As part of Clinically Media’s mission to ensure that clinical trials are conducted with everyone and for everyone, our team met with one of the foremost authorities on diversity, equity, and inclusion (DEI) in clinical trials, Dr. Anita Gupta. Dr. Gupta is an internationally sought-after thought leader on emerging global matters, including healthcare and drug innovation, health policy, and the future of health. She was named one of Fierce Healthcare’s Top 10 Women of Influence in 2021, and is also a practicing board-certified physician. Dr. Gupta is a strong advocate for those who do not have a strong voice in healthcare and medical research, consulting with corporations, governments, non-profits, and healthcare providers to help them with providing quality care and to increase their DEI efforts in their care, research, and hiring practices.
On June 9, 2022, Dr. Gupta joined the Clinically Media team to discuss her thoughts on the best practices for patient recruitment for clinical studies with a focus on how to ensure DEI measures are being taken. Below are some of the major takeaways from our sitdown with Dr. Gupta.
Build trust with patients
Divulging personal information, specifically personal health information, is a very intimate endeavor for patients whether it’s with their own provider or for a clinical trial. A patient needs to trust their information is safe, and more importantly, needs to trust their wellbeing will be safe under the care of an established practice and with a new potential treatment. In order to build trust when running a clinical study, individuals and organizations have to be reliable, valuable, proven secure, and convenient. Some of this can be built with experience, but some has to be portrayed through thoughtful messaging and communication surrounding the study. Equity can also build trust by having transparent relationships with relevant non-profits and community involvement.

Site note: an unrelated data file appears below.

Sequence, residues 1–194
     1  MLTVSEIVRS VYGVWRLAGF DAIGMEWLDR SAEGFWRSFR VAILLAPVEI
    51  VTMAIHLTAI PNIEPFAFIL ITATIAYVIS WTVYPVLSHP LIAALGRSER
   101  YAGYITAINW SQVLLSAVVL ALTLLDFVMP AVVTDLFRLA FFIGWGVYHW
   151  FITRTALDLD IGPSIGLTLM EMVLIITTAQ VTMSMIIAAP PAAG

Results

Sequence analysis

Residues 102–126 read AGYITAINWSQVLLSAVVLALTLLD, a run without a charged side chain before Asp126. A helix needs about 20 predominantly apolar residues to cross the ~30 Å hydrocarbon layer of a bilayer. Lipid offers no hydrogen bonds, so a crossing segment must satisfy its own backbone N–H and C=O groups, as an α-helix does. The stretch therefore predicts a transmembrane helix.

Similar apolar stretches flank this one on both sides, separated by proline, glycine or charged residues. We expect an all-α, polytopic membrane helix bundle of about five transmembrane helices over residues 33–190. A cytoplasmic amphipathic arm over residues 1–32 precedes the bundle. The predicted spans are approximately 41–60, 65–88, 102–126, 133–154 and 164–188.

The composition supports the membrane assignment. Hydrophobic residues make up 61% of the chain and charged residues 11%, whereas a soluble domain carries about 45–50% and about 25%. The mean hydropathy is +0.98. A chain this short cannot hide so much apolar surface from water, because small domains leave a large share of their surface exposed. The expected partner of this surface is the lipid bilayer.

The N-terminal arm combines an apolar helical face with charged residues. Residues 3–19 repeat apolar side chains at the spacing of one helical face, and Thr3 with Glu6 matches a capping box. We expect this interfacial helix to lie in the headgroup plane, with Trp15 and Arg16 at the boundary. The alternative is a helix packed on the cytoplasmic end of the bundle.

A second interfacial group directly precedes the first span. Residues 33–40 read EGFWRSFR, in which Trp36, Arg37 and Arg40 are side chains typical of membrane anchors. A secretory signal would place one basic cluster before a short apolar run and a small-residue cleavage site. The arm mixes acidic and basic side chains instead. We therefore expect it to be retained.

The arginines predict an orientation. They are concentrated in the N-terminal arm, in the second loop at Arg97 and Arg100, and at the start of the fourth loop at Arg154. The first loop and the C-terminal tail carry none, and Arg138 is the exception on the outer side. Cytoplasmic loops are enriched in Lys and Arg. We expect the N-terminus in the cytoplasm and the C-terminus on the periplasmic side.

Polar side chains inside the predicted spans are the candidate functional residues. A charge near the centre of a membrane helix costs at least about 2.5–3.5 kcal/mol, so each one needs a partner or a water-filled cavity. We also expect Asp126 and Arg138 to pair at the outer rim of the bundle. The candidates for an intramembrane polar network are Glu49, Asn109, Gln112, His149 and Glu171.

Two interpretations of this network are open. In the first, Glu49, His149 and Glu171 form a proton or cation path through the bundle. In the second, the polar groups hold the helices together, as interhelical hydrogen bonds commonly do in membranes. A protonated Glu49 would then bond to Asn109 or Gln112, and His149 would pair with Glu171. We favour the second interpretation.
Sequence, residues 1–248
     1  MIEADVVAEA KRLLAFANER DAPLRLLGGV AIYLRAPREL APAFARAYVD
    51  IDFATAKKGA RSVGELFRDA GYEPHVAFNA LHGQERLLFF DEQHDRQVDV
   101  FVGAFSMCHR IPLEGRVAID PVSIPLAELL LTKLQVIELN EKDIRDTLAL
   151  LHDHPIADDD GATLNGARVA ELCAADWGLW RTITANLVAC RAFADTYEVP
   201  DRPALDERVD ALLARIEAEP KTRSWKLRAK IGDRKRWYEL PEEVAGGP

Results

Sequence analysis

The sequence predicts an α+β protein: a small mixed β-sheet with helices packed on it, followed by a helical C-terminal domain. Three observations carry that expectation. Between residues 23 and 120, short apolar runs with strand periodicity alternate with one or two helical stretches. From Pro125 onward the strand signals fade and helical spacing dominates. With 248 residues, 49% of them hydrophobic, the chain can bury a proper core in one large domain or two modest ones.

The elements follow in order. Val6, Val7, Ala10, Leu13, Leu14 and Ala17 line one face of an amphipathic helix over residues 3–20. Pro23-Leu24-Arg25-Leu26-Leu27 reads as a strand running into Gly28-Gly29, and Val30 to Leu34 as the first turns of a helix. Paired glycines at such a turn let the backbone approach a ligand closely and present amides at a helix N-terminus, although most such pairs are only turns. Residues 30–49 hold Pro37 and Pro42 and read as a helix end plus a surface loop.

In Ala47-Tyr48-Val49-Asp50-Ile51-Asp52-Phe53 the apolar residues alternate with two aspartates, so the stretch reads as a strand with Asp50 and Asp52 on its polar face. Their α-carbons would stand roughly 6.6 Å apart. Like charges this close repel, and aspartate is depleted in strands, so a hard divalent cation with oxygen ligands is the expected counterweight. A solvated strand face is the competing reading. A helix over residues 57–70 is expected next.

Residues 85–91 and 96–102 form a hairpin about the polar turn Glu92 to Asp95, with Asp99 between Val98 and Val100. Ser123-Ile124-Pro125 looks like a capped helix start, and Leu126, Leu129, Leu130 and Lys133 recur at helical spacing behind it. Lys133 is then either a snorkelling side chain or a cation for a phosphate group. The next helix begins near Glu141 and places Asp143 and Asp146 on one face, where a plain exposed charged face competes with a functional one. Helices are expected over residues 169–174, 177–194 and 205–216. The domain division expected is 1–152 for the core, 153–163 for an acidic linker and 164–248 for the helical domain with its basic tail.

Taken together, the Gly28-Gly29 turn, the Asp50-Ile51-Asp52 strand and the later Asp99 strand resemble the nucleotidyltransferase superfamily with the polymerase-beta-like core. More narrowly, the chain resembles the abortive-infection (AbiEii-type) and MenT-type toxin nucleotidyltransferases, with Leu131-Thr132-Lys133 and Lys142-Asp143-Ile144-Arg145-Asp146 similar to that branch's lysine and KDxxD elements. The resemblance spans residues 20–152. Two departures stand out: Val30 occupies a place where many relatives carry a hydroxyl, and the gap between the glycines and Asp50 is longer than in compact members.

Understand the patient experience
Trust can be more easily built by fully understanding the patient experience. The complexity of the issue arises because there is no homogenous patient experience that can be referenced for every situation. Patients vary in age, ethnicity, marital status, geographic location, and income level just to name a small portion of considerations that need to be understood. Personal schedules need to be catered to in order to get a quality experience for those running the study and participating in the study. For example, an active parent who wants to participate in a study will need to make adjustments to their childcare routine. An individual who works nights will have to adjust their sleeping schedule. Fully understanding the patient experience will lead to easier recruitment, but also better levels of retention in clinical studies as patients will feel at ease with those who have empathy and those who they trust.
Know how to communicate with everyone
Part of building trust is proper communication with patients and potential participants in clinical research. Anyone in a patient-facing role in clinical studies needs to understand how to speak to a child who is scared about confronting their disease, a person from a financially disadvantaged background who is worried about their bank account, or a trans-man who hopes there is someone on staff who understands his body. The understanding of a patient has to be properly conveyed throughout the recruiting process, from the surveys collecting data for a study to the communication between the research site employees and the patient participants.
The Clinically Media team is extremely grateful for Dr. Anita Gupta taking the time to discuss our shared values with her, as well as giving guidance for our continued efforts in patient recruitment and retention. We support her work in improving the quality and access of healthcare around the world. Clinically Media will continue to foster and promote the shared values of diversity, equity, and inclusion in healthcare and the contributions to clinical trials.